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PARIS — American retailers aren’t alone in feeling the economic crunch.
This story first appeared in the June 13, 2008 issue of WWD. Subscribe Today.
With inflation soaring, the financial and housing markets stagnating, gas prices biting and general sentiment heading south, European retailers also are bracing for a tough ride as they head into the second half of the year.
“It’s been pretty bad so far in 2008,” said Guy-Noël Chatelin, a partner at OC&C Strategy in Paris. “It can’t get much worse.”
Yet fears are growing that it can, especially after major protests in Spain, France and Portugal this week against spiraling diesel fuel prices. Truck drivers blockaded highways in all three nations, leading to concerns Europe could face a summer of discontent — which might further derail consumer spending.
The story across Europe is hardly homogeneous, though. While Spain and the United Kingdom are suffering from adverse credit and housing markets, and diving consumer sentiment besets France and Italy, Germany and the Nordic countries are faring better.
Christian Burns, retail analyst for Oppenheim Research in Frankfurt, for instance, said he expects 2008 to be a “relatively good year” for German retailers, with growth of about 1 percent.
Still, the indicators are far from clear. Even as its economy grows, the German consumer confidence index fell sharply to 4.9 points earlier this month, fanned by fears of the financial markets crisis, the uncertain U.S. economy and rising fuel costs. Meanwhile, French business sentiment fell in May at its fastest pace since 2001.
Retail across the Continent was generally dismal in April, with almost every country in the European Union logging negative growth — overall retail sales in the EU countries dropped 2.9 percent in April on an annual basis, according to Eurostat.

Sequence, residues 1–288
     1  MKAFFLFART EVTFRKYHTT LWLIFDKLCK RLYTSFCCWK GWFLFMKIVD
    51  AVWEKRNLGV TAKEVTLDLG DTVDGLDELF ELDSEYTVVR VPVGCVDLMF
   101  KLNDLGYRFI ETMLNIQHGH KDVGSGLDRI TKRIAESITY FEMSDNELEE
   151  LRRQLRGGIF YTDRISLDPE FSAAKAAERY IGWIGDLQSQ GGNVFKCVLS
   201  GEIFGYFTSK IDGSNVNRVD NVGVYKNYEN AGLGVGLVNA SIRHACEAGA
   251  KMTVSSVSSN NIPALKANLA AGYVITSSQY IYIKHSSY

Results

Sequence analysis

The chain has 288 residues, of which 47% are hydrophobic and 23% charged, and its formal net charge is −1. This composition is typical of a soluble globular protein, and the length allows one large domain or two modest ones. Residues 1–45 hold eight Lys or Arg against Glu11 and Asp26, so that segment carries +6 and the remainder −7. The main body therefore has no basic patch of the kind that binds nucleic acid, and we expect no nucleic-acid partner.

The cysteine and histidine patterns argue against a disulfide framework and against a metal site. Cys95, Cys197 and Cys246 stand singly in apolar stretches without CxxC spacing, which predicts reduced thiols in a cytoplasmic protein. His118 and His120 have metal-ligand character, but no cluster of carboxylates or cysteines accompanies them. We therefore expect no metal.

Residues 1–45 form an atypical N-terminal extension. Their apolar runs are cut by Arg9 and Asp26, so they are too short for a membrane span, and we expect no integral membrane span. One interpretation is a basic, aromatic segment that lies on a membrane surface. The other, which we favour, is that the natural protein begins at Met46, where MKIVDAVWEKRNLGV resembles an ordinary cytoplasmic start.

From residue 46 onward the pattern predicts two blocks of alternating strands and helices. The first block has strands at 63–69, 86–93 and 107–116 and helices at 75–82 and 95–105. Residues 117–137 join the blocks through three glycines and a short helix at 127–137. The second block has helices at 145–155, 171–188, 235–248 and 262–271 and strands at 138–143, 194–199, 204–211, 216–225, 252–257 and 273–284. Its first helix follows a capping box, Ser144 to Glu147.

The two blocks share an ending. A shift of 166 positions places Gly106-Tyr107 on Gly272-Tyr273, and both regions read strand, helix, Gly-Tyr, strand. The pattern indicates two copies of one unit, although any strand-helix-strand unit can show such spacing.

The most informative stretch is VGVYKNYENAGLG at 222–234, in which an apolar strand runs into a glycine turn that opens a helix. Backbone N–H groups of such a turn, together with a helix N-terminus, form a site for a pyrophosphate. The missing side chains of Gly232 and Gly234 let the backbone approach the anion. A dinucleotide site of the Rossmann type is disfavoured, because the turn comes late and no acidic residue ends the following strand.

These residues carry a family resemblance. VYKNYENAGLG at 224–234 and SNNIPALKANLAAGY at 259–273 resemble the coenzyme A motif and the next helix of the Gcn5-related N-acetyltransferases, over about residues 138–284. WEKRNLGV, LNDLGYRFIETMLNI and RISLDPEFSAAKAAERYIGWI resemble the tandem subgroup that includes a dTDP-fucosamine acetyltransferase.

“When it costs 80 euros [$125] to fill the car [with gas], it’s not anodyne,” said Gilles Goldenberg, partner in charge of consumer business at Deloitte in Paris. “It becomes a matter of pure arithmetic.”
Analysts expect several things to happen as a result of the downturn in business. As in the U.S., markdowns are expected to arrive earlier and be deeper than usual. Big international chains such as Zara and H&M are expected to gain market share to the detriment of smaller regional players; consolidation in the sector may accelerate, and consumer shopping habits are expected to evolve in new directions.
“There will be new arbitrages on spending,” said Goldenberg. “We will see people making new spending decisions. We are already seeing it with inflation. Consumers are worried about having enough money to eat and deciding between which goods to buy in different ways.”
That’s not necessarily good news for apparel retailers. In France, clothing and shoe sales have been on a downward spiral since December. For the first quarter, clothing sales in France fell 2.1 percent, according to Paris’ IFM fashion institute.
Carrefour, the hypermarket operator, which is France’s largest clothing retailer, said when it reported its first-quarter sales that current market conditions “remain challenging and are tougher than we would have anticipated at the end of last year.” Carrefour added that its non-food sales were toughest.
Poor weather across Europe this spring has made matters worse for many players, even in the fast-fashion sector.
Nils Vinge, head of investor relations at Sweden’s Hennes & Mauritz, blamed weather conditions for a “quiet, weak March and April.” H&M’s same-store sales fell 8 and 10 percent for March and April, respectively. “In early May, sales picked up really well,” said Vinge. “Temperatures are very sensitive [when it comes to selling clothes]. This year was extreme. There was snow and hail.”
A spokesman for Inditex Group, the Spanish chain that runs Zara, also indicated weather conditions had affected sales. However, Inditex on Wednesday reported its profits rose 10 percent in the first quarter despite the poor weather and weak economic conditions.
Even if weather played a role in tough clothing sales this spring, analysts wondered whether larger macroeconomic factors played a bigger role.
“The [spring] season was bad,” said Goldenberg. “In clothing, you never know if climatic factors are to blame or if it’s something else. This season I think the sector got hit on both sides.”
In Italy, spending on goods and services fell 1.7 percent in volume in March — the most in three years — while inflation rose to its highest value in more than a decade. The IMF has forecast that Italy’s economy will grow a mere 0.3 percent this year, a fifth of last year’s pace.